Review by Eric Hillis
Directed by: Koji Fukada
Starring: Mariko Tsutsui, Tadanobu Asano, Kanji Furutachi, Takahiro Miura, Kana Mahiro
The title of Koji Fukada's latest bleak drama, Harmonium, takes on several meanings as its story evolves. Most explicitly it refers to the musical instrument that plays a key role in its narrative. It also alludes to the fragile harmony of the family at its centre, which is disrupted in tragic fashion. Later, the title begins to take on a foreboding quality, as the possibility of harmony being restored through an act of indirect vengeance becomes all too possible.
Harmonium's initial set-up seems like that of the sort of humdrum thriller that might have gone straight to video in the 1990s, or straight to Netflix today. It's the classic 'initially benevolent but mysterious figure ingratiates themselves with a family, slowly revealing their motivations' narrative that we've seen in everything from Hitchcock's Shadow of a Doubt to The Hand That Rocks the Cradle, but from the opening frames it's clear Fukada intends to explore this dynamic in a far more realistic, and far more uncomfortable fashion than we're accustomed to.
The family in question consists of the solemn Toshio (Kanji Furutachi), his religious wife Akie (Mariko Tsutsui) and their young daughter Hotaru (Momone Shinokawa). One day an old friend of Toshio's, Yasaka (Tadanobu Asano), arrives at their home, where Toshio sets him up with a job in his mechanical workshop, and without consulting Akie, puts him up in a room in their house.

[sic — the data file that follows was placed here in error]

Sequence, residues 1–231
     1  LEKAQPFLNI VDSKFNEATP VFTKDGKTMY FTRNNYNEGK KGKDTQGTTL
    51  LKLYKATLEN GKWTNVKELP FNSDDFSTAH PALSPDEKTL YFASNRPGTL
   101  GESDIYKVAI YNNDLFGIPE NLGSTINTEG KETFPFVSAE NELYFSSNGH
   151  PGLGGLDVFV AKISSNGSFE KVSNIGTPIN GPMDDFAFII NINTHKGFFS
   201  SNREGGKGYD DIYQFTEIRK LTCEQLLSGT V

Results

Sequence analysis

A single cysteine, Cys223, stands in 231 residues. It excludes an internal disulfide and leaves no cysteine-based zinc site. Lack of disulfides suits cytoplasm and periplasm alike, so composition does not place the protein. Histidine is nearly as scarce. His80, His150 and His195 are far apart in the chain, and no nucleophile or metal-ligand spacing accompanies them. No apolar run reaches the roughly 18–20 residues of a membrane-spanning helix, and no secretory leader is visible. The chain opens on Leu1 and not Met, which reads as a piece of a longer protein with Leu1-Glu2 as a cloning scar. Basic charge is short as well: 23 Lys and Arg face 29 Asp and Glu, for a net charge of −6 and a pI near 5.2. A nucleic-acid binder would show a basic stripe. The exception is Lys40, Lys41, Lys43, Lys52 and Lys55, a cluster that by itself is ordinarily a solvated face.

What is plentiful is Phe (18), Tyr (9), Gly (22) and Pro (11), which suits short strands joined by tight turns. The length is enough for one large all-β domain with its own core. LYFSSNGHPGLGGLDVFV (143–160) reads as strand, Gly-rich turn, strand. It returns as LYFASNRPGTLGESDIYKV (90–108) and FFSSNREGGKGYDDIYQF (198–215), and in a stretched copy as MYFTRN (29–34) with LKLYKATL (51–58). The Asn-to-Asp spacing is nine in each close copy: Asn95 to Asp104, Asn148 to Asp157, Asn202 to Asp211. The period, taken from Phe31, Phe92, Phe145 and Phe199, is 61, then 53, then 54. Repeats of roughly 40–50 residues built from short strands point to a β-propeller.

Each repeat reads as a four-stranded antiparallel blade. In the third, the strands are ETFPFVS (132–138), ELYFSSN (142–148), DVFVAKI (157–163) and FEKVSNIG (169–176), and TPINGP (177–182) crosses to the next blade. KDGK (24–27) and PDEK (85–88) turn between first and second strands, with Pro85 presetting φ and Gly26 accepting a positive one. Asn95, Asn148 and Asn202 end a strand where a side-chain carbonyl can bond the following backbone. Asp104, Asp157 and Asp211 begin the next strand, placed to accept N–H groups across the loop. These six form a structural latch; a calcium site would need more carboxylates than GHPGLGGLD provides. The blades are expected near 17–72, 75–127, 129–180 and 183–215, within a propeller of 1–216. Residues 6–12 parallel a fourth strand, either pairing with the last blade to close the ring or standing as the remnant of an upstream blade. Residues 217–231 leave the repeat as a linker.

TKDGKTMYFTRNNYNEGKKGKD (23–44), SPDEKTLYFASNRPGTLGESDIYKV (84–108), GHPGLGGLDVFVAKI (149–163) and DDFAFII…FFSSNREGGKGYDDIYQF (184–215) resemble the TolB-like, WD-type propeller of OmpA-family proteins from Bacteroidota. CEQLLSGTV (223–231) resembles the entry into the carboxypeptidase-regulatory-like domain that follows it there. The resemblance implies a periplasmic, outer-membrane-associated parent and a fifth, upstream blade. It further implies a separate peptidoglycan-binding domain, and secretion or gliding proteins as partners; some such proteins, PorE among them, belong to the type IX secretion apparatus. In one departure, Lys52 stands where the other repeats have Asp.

As you might expect, Akie is initially none too happy with this arrangement, but Yasaka soon curries favour with her, first by helping Hotaru with her harmonium lessons, later by exploiting her lack of emotional fulfillment, as Akie's relationship with her husband has long turned sour.
In his movie's first half, Fukada lulls us into a false sense of security by focussing on the emerging relationship between Akie and Yasaka, which boasts a realism lacking from most screen explorations of affairs. The instant in which both parties first acknowledge their mutual attraction results not in a cliched moment of physical passion, but with Akie and Yasaka clinging to each other in a tender embrace, two people desperate for a simple human connection. It's a moment that wouldn't feel out of place in a Fassbinder drama, or one from Fukada's compatriot, the great Hirokazu Koreeda.
It's at its midway point that Harmonium takes a dark turn with one of the most intensely upsetting and disturbing sequences any filmmaker could subject their audience to. Some viewers may be so upset they might be unwilling to engage with the remainder of the film, but if you have the emotional fortitude to carry on, you're in for an experience that's uniquely rewarding in its exploration of the potential for cruelty that lurks beneath the veneer of the modern civilised human.
As a study of grief and how we handle it, Harmonium is a worthy companion to Nanni Moretti's The Son's Room and Todd Field's In the Bedroom, and Tsutsui's portrayal of a mother broken of both heart and spirit will tear your soul out. Fukada's film is one you'll find yourself haunted by for a considerable time after viewing, as it refuses to wrap itself up neatly. Like its distraught protagonists, Harmonium cruelly leaves us seeking emotional closure.
Harmonium is in UK/ROI cinemas May 5th.